Sometimes things just don’t turn out like you expect. It was a particularly dismal and rainswept day when the other half of id-iom popped out of the studio to get lunch but came back with the classic board game, Twister (think Jack and his magic beans…)
I was somewhat put out by this manoeuvre as I had been daydreaming of a Greggs sausage roll for close to an hour. I quickly demanded to know what exactly what he thought was going on but all I got in return was a whirring noise and the repeated phrase ‘Left foot first’…
Growing up as one of three brothers the phrase ‘First up, Best dressed’ was not just a saying but a way of life. There was only one rule. The first person up had free choice of clothing including any items that belonged to a sibling. There was no argument with this rule. Only later, with the power of the internet, did I learn that it is a relatively common saying in the North of the UK and historically applied to other families with an equivalent number (or more) of potentially warring siblings and was, in fact, more commonly used as a saying much along the lines of ‘the early bird catches the worm’ rather than an actual house rule. You live and learn.
Today’s piece is inspired by this rule and here we most definitely the first up. He’s gone all out and has selected a dinner jacket and bow tie and looks simply FAB-U-LOUS. He’s on a 100 x 70cm canvas and has been made using stencils, spraypaint and the ancient art of paint chucking. Drop us a line if interested.
I’ve had The First Earl cut and ready to go for a while now. I just didn’t have anywhere suitable to put such a classy looking chap. After looking around for somewhere good to get it up I spotted what I thought was the perfect location; a likely looking rusty metal door that appeared to be just the right size with an agreeable amount of surface patina.
Once I’d confirmed it would fit it only remained to get him sprayed up which, as it turned out, was relatively quick and easy given that it was a one layer stencil. What I didn’t really think about in my excitement of finding a good spot was the fact that there would be hardly any contrast between the black of the piece and the darkness of the old door. Now I could go back and add some colour or an outline but that takes away from the nicely aged door and he was originally meant to be a standalone piece anyway so I’m hesitant to go back and mess with it. Perhaps the best answer is just to redo him somewhere else against a lighter background?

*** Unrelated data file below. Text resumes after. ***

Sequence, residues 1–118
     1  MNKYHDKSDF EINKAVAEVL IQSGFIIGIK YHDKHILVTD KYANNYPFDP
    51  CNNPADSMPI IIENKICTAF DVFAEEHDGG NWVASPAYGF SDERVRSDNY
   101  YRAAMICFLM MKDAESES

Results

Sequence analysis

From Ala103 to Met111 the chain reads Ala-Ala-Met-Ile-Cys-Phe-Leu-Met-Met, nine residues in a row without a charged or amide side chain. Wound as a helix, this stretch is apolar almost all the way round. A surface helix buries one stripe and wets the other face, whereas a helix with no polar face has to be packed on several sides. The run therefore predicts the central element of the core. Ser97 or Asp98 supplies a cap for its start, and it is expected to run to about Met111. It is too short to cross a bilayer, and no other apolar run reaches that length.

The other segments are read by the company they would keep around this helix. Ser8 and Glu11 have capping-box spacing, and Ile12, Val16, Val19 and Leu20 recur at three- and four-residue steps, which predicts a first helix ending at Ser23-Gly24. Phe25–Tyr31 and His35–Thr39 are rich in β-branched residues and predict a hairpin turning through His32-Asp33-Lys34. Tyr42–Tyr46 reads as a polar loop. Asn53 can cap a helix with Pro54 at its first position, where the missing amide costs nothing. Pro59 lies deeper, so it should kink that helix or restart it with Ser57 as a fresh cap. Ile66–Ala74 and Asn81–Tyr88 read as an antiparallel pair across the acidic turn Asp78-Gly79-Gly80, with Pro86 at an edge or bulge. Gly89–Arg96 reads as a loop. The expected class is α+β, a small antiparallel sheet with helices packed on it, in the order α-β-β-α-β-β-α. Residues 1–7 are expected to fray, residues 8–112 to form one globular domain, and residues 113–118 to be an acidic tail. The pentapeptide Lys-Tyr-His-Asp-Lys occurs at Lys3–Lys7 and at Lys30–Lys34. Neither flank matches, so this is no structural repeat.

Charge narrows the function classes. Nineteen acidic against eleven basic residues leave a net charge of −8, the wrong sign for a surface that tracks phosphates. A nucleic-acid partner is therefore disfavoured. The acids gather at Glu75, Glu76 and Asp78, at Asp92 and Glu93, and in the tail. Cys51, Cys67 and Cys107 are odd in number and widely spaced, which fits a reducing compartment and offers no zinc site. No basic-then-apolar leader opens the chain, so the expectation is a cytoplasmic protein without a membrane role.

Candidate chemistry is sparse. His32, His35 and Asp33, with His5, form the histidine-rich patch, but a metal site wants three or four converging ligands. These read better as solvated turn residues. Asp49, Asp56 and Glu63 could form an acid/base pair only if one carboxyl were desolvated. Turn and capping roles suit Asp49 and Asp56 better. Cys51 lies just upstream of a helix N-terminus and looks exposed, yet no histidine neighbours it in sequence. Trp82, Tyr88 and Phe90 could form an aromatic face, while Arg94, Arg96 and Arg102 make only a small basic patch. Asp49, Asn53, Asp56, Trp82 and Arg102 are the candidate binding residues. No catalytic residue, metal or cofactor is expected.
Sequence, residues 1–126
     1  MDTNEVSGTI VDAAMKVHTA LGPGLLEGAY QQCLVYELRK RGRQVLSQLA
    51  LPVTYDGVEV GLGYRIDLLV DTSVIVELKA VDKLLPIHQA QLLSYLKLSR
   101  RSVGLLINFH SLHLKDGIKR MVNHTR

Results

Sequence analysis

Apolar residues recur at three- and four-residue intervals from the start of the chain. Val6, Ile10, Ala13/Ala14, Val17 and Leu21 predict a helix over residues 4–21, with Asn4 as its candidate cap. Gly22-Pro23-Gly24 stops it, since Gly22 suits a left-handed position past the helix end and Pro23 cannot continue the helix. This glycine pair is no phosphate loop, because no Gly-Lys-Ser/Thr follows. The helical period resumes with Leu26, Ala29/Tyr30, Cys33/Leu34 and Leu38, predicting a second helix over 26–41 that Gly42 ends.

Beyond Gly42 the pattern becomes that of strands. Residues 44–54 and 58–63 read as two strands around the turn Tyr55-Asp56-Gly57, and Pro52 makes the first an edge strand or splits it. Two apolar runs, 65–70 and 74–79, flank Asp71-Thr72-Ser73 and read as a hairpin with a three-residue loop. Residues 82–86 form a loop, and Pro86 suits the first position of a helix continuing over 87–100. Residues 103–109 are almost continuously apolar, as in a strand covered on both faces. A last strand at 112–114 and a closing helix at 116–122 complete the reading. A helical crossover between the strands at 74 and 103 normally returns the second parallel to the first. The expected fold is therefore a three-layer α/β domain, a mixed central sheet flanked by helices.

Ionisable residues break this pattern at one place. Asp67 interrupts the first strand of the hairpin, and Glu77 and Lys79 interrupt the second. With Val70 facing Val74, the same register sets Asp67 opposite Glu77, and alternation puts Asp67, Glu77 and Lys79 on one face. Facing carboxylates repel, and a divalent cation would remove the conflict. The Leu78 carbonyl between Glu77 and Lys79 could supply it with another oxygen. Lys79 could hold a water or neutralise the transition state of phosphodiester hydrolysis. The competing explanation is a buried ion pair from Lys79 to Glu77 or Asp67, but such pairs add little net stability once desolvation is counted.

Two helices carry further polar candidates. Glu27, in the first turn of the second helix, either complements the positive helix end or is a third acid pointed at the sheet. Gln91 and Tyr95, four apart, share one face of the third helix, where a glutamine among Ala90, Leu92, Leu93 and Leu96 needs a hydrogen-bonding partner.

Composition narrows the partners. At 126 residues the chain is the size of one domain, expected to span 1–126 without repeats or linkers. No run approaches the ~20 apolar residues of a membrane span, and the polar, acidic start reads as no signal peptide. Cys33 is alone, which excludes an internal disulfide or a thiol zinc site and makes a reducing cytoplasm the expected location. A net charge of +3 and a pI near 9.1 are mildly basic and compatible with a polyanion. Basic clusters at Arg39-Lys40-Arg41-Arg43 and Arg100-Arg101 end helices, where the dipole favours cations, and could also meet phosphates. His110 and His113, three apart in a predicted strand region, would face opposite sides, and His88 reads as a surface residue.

Eagle eyed viewers will of course spot why doing this piece in South London is somewhat inappropriate but I’ll leave that to you to figure out. Answers on a postcard…
Sometimes the muse works in mysterious ways. There I was working on two separate pieces of art which, after realising the similarities between them, decided should become part of a larger triptych. The only trouble then was that they needed a third unifying part that would (hopefully) allow them all to make sense as a whole. This meant it was back to the drawing board to scratch my head for a whilst waiting for this magical third section to materialise in my mind’s eye.
Nothing but dandruff came out of this scalp relaxation session until the other half of id-iom walked passed me and nonchalantly came out with a most cromulent quote that seemed to hit the nail squarely on the head. Not bothering to stop or change course he just sauntered along to do whatever he was doing in the first place but that inspiration was all i need to get the piece finished.
Considering the pieces originally had no order and the middle section was the final piece of the puzzle it seems a particularly fitting quote.
Title: The last thing one discovers…
Materials: Paint pen, acrylic, ink, charcoal, Tipp Ex and Spray paint
Hmmmm….. What does a gritty urban art duo do for a one year old’s birthday present? Well, after worrying for a while about exactly what you can and can’t do for a baby this is the end result. There was a lot of time spent thinking about whether we were doing something kid friendly or something that maybe he’d appreciate when he’s older and finally settled on this after finding a piece of glass to work on in the studio that seemed to provide some inspiration.
With a name like Jude it was hard to avoid the Beatles reference so we decided to get the opening notes from ‘Hey Jude’ on there along with his name and a little monkey logo (they’re all cheeky little monkeys aren’t they?) Cutting musical notes correctly at a small size however is probably not something I’ll be doing again. The main thing about painting on the back of the glass is remembering that everything has to be done in reverse – which can sometimes be a little frustrating as you can’t change things after you’ve done them if you have some mid piece brainwave. Oh well, there’s always next time…
Just over a year ago we did some work for a new bar opening in Brixton called the Electric Social. To promote the bar’s 1st birthday (how time flies!) we were asked to go out and do a small street campaign in the surrounding areas with a single layer stencil and some chalk paint (I love chalk paint by the way). So we put on some sturdy walking boots and hit the road for a pleasing stroll whilst at the same time spraying up the pavement near the likes of bus stops, crossings and bins where people usually slow down their pace a little so there is all the more chance for them to notice a little subversive advertising. Thankfully all went well and although we couldn’t make it to the actual birthday party we heard that it was also a massive success with one of their busiest night to date. Happy Birthday sunshine!!